Fortunately the garrison and commander who’d re- placed Thirlwall, De Wilton, seemed a more fair-minded man. He didn’t blame the villagers for the actions of their rebel laird, and he and his men were frequent custom- ers of the village smith, or as the wooden sign not-so- imaginatively proclaimed it, The Forge. His father might not like the English, but he was happy to take their silver, especially at his special English rates.
“I’ll finish it soon enough,” Thom said. “And Johnny is almost done with the mail, aren’t you lad?”
His fourteen-year-old brother nodded. “A few more rivets and it will be as good as new.” He grinned, his teeth a flash of white in his blackened face. “Better than new.”
Thom grinned back at him. “I don’t doubt it.”
Although more like their father in his even-keeled, con- tented temperament, Johnny possessed the same instinctive skill with the iron as Thom. Big Thom liked to say his lads were born to it, which made Johnny beam and grated on Thom like emery under his plaid. The instinctive skills such as knowing just when to pull the metal out, where to strike it with a hammer, and how to make it strong enough to do its job without being so hard that it shattered or broke that made his father so proud felt like a chain wrapped around Thom’s neck.
It would have been far easier if he’d never showed any talent for the work. If he’d shattered one too many blades by cooling the metal too quickly or striking it in the wrong place while hardening. If he were less precise in detail, couldn’t fit a handle to save his life, a poorer judge of tem- perature, off on his proportions . . . anything.
His father didn’t understand how someone with Thom’s “God-given talent” wasn’t content. Skill like theirs was meant to be used.
Which was part of the problem with Johnny. Johnny was too good with the hammer to haul coal and operate the bellows, the tasks normally given to a young apprentice. With Big Thom handling most of the day-to-day smith- ing work, from repairing cast iron pots to shoeing horses, and Thom with more sword work than he could handle, they were turning away jobs as it was. Big Thom wanted Johnny at the forge, which meant they needed someone to do the apprentice work. But Thom couldn’t bring himself to give up the one chance he had to change his destiny. His mother had wanted to give him a choice.
Thom opened the door and—ironically—coughed at the breath of fresh air. His lungs were so accustomed to the black smoke it was as if the purity somehow offended them. Day- light at this time of the year didn’t last long, and night was already falling. The mist, however, was not. The stars would be out tonight in full force. That was what he was counting on.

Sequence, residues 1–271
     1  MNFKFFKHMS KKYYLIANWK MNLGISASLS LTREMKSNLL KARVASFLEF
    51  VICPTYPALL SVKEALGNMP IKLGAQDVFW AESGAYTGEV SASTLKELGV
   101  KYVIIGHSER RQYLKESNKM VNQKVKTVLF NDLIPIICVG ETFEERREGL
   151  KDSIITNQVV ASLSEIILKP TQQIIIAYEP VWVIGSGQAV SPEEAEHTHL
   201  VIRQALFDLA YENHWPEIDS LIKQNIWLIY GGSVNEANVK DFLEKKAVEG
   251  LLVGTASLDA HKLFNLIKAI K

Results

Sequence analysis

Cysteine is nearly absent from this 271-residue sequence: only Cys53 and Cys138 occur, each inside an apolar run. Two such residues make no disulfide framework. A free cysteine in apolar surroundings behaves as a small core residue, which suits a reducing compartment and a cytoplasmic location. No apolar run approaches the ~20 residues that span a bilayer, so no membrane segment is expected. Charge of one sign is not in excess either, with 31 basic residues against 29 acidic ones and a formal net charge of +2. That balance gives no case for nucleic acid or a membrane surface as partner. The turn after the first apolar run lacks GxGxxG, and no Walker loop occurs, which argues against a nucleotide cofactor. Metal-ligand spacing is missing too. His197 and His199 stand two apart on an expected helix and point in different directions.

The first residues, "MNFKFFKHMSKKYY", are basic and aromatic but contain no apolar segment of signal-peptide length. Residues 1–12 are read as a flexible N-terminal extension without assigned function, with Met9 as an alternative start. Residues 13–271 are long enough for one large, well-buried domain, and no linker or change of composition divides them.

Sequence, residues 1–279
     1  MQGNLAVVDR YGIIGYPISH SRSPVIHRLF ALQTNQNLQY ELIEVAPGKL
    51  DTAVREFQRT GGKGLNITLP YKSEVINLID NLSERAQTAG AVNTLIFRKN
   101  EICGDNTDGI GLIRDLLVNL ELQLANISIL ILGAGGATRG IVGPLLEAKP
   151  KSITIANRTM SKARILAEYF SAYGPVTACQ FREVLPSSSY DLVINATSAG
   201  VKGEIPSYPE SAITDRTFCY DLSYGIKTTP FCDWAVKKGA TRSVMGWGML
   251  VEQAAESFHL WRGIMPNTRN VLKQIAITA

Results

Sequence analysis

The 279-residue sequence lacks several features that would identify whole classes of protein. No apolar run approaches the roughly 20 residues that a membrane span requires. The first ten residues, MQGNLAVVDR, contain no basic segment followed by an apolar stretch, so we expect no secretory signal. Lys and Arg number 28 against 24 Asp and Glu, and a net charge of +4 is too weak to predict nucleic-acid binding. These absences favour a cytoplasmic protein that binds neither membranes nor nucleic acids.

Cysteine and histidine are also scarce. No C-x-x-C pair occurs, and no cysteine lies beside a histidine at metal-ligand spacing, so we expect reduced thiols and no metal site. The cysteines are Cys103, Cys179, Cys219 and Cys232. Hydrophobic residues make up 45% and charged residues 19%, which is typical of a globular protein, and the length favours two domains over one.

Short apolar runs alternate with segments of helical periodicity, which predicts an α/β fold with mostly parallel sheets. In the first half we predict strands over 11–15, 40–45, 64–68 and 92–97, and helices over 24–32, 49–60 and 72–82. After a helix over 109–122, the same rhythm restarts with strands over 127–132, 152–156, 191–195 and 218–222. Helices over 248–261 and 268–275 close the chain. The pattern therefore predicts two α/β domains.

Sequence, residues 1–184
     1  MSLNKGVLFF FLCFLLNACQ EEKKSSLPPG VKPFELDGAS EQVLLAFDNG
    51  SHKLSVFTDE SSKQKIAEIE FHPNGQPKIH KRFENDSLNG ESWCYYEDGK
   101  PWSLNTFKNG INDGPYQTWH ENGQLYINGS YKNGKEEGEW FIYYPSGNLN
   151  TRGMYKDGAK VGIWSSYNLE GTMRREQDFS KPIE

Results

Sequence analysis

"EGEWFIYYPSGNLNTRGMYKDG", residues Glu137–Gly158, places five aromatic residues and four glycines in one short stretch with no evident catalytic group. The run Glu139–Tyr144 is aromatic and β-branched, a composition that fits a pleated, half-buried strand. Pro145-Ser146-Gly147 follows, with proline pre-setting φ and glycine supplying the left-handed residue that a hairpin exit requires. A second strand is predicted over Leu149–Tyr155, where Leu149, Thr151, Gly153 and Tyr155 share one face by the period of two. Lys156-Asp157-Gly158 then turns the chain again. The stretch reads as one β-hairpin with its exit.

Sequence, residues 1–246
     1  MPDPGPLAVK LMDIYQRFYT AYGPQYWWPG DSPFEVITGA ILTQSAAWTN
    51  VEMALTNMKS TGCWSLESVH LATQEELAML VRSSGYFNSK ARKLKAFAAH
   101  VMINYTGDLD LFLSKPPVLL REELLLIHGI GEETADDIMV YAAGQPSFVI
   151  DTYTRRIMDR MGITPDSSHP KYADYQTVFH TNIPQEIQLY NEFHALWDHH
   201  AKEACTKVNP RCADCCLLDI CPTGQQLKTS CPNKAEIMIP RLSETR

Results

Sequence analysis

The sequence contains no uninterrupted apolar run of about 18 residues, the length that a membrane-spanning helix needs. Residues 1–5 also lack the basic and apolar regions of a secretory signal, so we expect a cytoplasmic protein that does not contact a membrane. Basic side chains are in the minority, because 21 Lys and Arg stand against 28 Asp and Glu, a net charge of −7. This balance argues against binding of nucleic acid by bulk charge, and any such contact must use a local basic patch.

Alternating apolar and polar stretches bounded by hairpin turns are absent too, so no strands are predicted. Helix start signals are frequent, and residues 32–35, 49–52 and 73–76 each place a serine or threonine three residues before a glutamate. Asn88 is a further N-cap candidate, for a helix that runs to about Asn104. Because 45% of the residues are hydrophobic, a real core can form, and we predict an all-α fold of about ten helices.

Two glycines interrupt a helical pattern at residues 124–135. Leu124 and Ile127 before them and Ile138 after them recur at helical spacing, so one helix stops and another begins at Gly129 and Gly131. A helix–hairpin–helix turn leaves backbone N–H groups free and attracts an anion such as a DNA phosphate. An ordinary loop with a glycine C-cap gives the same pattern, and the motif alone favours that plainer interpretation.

He wasn’t all that surprised to hear the door open be- hind him. “Son, wait a minute.”
Thom turned, seeing the features so like his own aged by time, hardship, and loss. He knew his father had a woman in town he sometimes saw, but no one had ever replaced Thom’s mother in his father’s heart. Not that you’d ever hear his father rail or complain about the injustice fate had handed him. Like everything else, Big Thom had taken his wife’s death with unquestioning, stoic acceptance.
Thom never accepted anything. It was his curse, and the source of his discontent. He envied his father and brother sometimes. Life was simpler when you didn’t question. When you didn’t want more than what birth so capri- ciously allotted.
He met his father’s worried gaze. “Don’t go, son.”
“I’ll finish the sword—” “I know she’s back.”
The words fell with the weight of an anvil between them. Thom stiffened, his jaw clamping down like a steel wall, an implicit warning that beyond there be dragons. The subject was not one he wanted to discuss with his father— ever. It was a subject upon which they would never agree.
But his formidable father wasn’t one to back down from dark looks—or dragons. “I know Lady Elizabeth is back, and you are going to try to see her tonight. But don’t go, Thommy. No good will come of it. Leave the lass be.”